Innovators also work in already existing corporations, whether these are large or small. In this case innovators are salaried workers which are paid very well and get substantial bonuses and shares of the profit. R&D work in large corporations has produced very important technological advances in different production systems.
    However, some large firms have split their R&D and manufacturing part of firm and have formed new, more innovative firms.
Anticipating Future
   It’s extremely difficult to anticipate the future but that’s what innovators are trying to do. These people who have strong anticipation abilities and are highly-determined may be able to introduce new and improved products at the right time. If they do so, the rewards may very big, monetary and nonmonetary ones. In order to develop a product one should be very creative and rewards for his success may be some intangible rewards like personal satisfaction. Winners of this competition of innovations can reap huge monetary rewards in for of economic profits, stock appreciation and very big bonuses. An example can be Paul Allen and Bill Gates who founded Microsoft in 1970s and received by 2000 approximately 60 billion of dollars.
   Past success offer innovators and entrepreneurs access to further innovations that may anticipate buyers’ wants. Even if they may not succeed the second time, a try is also important. Market doesn’t care if the entrepreneurs and innovators are Canadian, Americans, Japanese, Chinese or Swiss. Main scope is innovation and better society.
Government and University Scientific Research
   Very small amount of money from R&D is spent on scientific research, because scientific principles can’t be patented and they don’t have immediate commercial uses. However, scientific knowledge is very important for technological advance. That’s why entrepreneurs try to find out the output of universities and government labs’ researches.
   Government and university labs have been the place where a lot of amazing technological inventions have been discovered. Computers and biotechnology are some results of experiments made there. That’s why firms tend to invest in university researches that are related to their products. Business founding of R&D at university has grow rapidly. Today scientists and universities understand that their work may have some commercial value, that’s why they are teaming up with innovators and share possible profits. However, some firms find it more profitable to make researches on their own. This is more common in pharmaceutical and computer industry where it’s uncommon to distribute new scientific knowledge generated in their labs.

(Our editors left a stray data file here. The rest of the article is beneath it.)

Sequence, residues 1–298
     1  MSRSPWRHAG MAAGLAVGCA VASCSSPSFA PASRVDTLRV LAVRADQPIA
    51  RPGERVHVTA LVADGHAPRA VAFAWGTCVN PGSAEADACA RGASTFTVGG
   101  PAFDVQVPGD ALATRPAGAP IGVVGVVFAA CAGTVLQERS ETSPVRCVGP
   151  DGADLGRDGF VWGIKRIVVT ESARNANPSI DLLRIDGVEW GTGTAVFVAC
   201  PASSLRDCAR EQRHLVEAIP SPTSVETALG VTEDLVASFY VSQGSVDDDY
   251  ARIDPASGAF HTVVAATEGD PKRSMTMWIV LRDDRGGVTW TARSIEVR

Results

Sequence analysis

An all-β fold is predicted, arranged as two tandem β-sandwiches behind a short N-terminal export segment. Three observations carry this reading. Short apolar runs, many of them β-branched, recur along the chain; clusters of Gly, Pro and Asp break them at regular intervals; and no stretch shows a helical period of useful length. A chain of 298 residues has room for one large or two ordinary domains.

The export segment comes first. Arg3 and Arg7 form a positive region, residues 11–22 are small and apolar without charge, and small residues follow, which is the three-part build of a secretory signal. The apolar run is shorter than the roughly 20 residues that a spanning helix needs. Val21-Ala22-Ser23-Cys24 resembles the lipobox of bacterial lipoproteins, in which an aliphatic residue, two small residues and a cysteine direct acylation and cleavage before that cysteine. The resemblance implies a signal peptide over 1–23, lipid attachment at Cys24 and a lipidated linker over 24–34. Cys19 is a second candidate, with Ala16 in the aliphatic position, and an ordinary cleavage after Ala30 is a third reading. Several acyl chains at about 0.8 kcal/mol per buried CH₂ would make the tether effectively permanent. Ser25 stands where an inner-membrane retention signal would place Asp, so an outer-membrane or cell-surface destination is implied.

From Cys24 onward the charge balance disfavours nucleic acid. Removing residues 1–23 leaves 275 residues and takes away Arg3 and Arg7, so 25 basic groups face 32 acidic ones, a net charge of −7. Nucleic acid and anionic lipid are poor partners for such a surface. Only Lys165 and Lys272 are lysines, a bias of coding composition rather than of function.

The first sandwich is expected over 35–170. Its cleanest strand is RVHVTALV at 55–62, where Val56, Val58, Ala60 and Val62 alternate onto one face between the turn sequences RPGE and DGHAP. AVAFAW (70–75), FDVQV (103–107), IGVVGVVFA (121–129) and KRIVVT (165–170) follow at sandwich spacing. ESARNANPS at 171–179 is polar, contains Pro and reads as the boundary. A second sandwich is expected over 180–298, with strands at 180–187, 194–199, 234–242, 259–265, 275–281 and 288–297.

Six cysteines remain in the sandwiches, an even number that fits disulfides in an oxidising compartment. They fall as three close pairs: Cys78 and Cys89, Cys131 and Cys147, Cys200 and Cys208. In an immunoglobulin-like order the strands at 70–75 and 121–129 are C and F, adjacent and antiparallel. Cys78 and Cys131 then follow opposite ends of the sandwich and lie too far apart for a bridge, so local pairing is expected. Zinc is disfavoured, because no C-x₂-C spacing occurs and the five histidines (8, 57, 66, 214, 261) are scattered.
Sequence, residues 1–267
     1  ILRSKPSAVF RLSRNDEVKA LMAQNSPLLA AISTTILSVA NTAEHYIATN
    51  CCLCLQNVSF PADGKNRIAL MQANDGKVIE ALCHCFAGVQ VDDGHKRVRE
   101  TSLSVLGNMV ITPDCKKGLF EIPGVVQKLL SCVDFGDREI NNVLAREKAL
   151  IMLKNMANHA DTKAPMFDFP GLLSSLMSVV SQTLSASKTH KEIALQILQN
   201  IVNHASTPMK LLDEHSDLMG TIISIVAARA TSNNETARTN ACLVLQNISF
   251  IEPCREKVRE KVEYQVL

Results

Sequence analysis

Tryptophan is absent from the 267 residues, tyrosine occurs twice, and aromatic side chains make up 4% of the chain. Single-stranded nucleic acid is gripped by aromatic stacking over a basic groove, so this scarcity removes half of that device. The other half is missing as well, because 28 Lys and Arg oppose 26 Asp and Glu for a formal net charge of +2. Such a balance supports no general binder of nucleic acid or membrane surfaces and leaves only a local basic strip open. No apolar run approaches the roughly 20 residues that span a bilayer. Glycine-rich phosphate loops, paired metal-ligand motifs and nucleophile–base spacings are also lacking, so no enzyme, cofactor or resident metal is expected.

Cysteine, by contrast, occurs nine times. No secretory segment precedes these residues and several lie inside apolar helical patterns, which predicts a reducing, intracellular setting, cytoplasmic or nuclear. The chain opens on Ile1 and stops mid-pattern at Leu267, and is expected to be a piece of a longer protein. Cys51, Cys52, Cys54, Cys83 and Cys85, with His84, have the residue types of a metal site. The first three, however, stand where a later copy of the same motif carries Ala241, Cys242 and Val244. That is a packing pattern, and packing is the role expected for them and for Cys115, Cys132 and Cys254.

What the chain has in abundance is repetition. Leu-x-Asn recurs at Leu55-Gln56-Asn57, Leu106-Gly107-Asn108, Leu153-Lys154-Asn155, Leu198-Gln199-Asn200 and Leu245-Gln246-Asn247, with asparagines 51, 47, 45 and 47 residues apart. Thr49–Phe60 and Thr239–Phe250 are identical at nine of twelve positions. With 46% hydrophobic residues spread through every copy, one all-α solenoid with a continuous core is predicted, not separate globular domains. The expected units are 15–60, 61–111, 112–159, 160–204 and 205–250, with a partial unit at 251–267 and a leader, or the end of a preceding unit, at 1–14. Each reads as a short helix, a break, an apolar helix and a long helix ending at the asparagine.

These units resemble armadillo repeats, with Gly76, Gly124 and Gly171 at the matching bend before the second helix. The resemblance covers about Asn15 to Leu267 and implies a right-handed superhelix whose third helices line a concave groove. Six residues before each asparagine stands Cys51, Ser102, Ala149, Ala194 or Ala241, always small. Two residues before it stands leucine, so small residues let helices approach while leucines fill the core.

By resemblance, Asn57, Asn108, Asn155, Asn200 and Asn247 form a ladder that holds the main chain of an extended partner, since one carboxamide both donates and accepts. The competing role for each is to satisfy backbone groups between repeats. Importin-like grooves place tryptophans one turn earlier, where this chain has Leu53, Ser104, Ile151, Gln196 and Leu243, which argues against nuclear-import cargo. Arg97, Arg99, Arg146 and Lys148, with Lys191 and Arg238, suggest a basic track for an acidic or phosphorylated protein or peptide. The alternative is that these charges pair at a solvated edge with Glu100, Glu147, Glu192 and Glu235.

Price leadership Model

3 Aug

price leadership, price wars
     This model is a very interesting one. It explains some phenomena that are happening in oligopolistic type markets. So what does it means? Price leadership is an implicit (invisible) agreement among oligopolists by which they can coordinate prices without involving in price collusion based on secret meeting or formal agreements. This kind of method requires the “dominant firm”  (largest or most efficient one) to initiate price changes, so that all other firms more or less will try to follow this leader.  In many industries cement, fertilizers, cigarettes, cars and diverse machineries industries practiced this price leadership.
Tactics
   Price leadership in industries suggests that the price leader may use some of the following tactics:

  Price changes (infrequent)
   Since the price change may create the risk that the rivals won’t follow it, price regulations should be made only infrequently. Price leader shouldn’t respond to daily small increases in costs and demand.  Price should be modified just in the case when costs and demand have changed greatly, for example the price of row materials or wages of workers increased rapidly, or government excised higher taxes.
Communications
   Price leader sometimes communicates higher costs other oligopolistic firms by means of speeches of major executives or press. By publicizing the need to raise the price, price leader seeks other rivals to inform and to agree about price modifications.

Limit Pricing
   Price leader may not always choose the price that maximizes the profits in short-run for the industry, because it wants to block the entry to this industry of new firms. If economies of scale of existing firms are the major barrier, then new firms can pass this obstacle if the existing firms, including price leader, set a high-price for the goods and services they produce. So, new small firms may survive only if the industry sets a very high price. To block the entry of new firms to this oligopolistic market system, this price leader may keep the price bellow short-run maximizing level. This strategy of blocking entry from the new firms is called limit pricing.
Price wars
   Sometime price leadership in oligopolistic market system may end up at least temporarily or may result in price wars.  Most price wars sometimes run their course. When the firms realize that low prices are reducing their revenues dramatically, they may “offer” price leadership to other industry’ leading firms. That firms starts to rise prices and other businesses are willing to follow.